Establishing effective research collaboration: Finding common ground between policymakers and academics
In Indonesia, there has been growing interest from governments at all levels to adopt a broader culture of evidence- and data-driven policymaking to meet the needs of the country’s most marginalized constituents.
One important aspect of increasing evidence adoption is collaboration between policymakers and researchers. However, bridging research and policymaking is often not a straightforward process: the fast-paced policy environment, the wide range of actors that contribute to the decision-making process, and the relevance of existing evidence are some of the challenges that create barriers to achieving effective government-researcher collaborations.
With the goal of addressing these barriers, J-PAL Southeast Asia (SEA) hosted a webinar on May 17 featuring Anindito Aditomo, Head of the Agency for Standardization, Curriculum, and Assessment in Education, Ministry of Education, Culture, Research and Technology/MoECRT; Agus Eko Nugroho, Chairman of the Research Organization for Governance, Economy, and Community Welfare, National Research and Innovation Agency; Teguh Dartanto, Dean of the Faculty of Economics and Business, University of Indonesia; and Rema Hanna, co-Scientific Director of J-PAL SEA.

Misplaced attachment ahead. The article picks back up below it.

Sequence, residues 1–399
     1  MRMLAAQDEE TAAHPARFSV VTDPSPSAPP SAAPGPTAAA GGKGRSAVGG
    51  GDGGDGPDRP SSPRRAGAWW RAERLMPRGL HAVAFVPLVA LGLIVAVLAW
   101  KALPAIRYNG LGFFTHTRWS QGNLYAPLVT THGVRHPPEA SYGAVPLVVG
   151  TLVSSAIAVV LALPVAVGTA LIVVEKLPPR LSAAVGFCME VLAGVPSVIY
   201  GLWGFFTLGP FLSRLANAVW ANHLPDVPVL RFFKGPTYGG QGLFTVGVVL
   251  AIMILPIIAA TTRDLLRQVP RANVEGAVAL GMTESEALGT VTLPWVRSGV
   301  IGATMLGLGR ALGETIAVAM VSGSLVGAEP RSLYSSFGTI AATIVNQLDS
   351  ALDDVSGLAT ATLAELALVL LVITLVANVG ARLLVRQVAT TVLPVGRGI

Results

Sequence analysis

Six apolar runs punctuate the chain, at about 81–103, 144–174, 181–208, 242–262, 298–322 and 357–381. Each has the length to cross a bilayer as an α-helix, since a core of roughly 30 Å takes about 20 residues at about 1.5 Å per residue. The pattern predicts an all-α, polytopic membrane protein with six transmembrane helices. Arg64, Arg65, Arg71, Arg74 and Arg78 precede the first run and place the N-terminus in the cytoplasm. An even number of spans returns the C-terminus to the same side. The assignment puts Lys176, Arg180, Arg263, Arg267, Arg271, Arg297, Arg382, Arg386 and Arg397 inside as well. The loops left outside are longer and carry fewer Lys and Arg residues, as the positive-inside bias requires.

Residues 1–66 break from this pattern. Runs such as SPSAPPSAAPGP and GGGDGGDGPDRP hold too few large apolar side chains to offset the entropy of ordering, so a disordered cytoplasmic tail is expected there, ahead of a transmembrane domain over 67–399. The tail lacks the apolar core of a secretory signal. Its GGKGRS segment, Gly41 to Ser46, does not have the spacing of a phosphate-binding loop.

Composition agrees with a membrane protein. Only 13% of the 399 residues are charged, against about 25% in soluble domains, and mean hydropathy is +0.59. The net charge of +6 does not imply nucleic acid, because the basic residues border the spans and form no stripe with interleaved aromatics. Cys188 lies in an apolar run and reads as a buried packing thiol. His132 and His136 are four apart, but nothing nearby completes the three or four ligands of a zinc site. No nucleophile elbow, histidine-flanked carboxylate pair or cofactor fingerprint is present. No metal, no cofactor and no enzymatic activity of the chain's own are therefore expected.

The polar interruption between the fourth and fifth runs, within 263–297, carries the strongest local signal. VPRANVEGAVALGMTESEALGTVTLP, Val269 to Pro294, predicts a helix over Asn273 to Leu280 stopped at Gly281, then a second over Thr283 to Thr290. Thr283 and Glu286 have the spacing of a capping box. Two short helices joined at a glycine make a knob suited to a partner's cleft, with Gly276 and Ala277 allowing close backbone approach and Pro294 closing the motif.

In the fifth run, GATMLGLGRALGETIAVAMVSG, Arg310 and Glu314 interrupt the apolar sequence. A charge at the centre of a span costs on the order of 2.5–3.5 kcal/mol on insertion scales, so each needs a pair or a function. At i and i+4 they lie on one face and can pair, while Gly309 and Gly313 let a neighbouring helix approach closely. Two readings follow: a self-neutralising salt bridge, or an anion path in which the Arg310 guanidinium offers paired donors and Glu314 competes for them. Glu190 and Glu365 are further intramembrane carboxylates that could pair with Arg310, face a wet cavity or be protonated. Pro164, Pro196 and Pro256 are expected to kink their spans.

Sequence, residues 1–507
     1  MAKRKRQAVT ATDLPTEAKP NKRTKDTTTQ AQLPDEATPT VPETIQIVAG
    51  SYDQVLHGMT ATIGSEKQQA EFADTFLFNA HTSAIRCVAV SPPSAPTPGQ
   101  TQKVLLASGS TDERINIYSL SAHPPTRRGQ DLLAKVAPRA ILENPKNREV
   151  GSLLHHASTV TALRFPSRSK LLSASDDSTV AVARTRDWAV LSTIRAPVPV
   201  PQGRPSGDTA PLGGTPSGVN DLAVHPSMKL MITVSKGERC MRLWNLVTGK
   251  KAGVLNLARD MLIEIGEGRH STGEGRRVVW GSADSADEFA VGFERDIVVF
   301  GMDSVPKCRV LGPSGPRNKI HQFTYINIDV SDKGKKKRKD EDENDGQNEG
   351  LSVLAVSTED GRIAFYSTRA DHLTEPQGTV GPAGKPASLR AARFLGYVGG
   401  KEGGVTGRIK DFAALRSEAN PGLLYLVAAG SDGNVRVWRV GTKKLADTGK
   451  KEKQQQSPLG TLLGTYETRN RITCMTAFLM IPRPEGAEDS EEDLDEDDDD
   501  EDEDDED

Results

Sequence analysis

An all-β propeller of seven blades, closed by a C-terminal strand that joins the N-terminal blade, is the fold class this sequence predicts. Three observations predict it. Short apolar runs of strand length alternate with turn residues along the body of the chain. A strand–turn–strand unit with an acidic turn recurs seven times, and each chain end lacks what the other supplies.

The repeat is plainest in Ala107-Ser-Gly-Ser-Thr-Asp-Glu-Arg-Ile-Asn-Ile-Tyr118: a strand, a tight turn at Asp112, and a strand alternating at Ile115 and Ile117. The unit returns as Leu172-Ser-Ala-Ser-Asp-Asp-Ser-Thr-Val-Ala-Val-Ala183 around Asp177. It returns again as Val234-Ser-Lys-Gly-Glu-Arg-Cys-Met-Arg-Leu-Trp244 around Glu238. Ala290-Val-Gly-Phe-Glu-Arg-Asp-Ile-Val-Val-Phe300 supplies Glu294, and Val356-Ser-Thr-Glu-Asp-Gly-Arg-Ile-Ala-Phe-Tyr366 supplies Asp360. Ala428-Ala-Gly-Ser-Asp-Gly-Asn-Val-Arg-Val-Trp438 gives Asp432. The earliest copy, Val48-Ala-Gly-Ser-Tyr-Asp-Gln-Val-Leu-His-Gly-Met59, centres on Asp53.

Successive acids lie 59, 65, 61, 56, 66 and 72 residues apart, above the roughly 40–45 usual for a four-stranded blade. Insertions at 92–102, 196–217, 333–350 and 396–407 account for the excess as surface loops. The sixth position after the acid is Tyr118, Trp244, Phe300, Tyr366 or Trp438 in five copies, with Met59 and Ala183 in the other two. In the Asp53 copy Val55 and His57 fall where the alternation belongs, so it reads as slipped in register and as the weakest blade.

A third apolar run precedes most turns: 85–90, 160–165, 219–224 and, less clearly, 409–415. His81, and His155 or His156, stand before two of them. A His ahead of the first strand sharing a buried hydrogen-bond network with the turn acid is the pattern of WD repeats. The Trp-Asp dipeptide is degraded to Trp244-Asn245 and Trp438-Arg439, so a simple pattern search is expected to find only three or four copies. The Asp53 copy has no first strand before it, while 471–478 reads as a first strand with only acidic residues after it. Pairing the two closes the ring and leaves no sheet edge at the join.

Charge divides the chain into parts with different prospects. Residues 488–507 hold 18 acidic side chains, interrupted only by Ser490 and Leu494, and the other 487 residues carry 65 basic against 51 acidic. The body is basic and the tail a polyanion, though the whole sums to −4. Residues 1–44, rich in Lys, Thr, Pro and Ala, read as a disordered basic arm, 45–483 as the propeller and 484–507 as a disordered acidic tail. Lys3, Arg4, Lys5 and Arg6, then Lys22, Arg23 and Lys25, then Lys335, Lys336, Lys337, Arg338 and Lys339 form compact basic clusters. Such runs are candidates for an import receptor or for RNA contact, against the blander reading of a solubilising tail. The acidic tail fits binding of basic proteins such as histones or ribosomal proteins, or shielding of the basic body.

We also had the opportunity to hear opening remarks from Kirsten Bishop, Minister Counsellor of Governance and Human Development, Australian Embassy Jakarta; and a keynote speech from Teuku Faisal Fathani, Acting Director of Research, Technology, and Community Services, MoECRT; and Benjamin Olken, co-Scientific Director of J-PAL SEA.
Below are the key takeaways from the webinar.
1. A culture of evidence-based policymaking starts with the policy community learning from existing workable practices
Incorporating evidence into the process of policy formulation can at times be challenging for the policy community, as not everyone may have the same level of understanding on how to adopt evidence-based policies and programs at scale. Anindito Aditomo (MoECRT) noted that collaborating with experienced researchers can be an entry point to establish the first contact with the culture of evidence- and data-driven policymaking.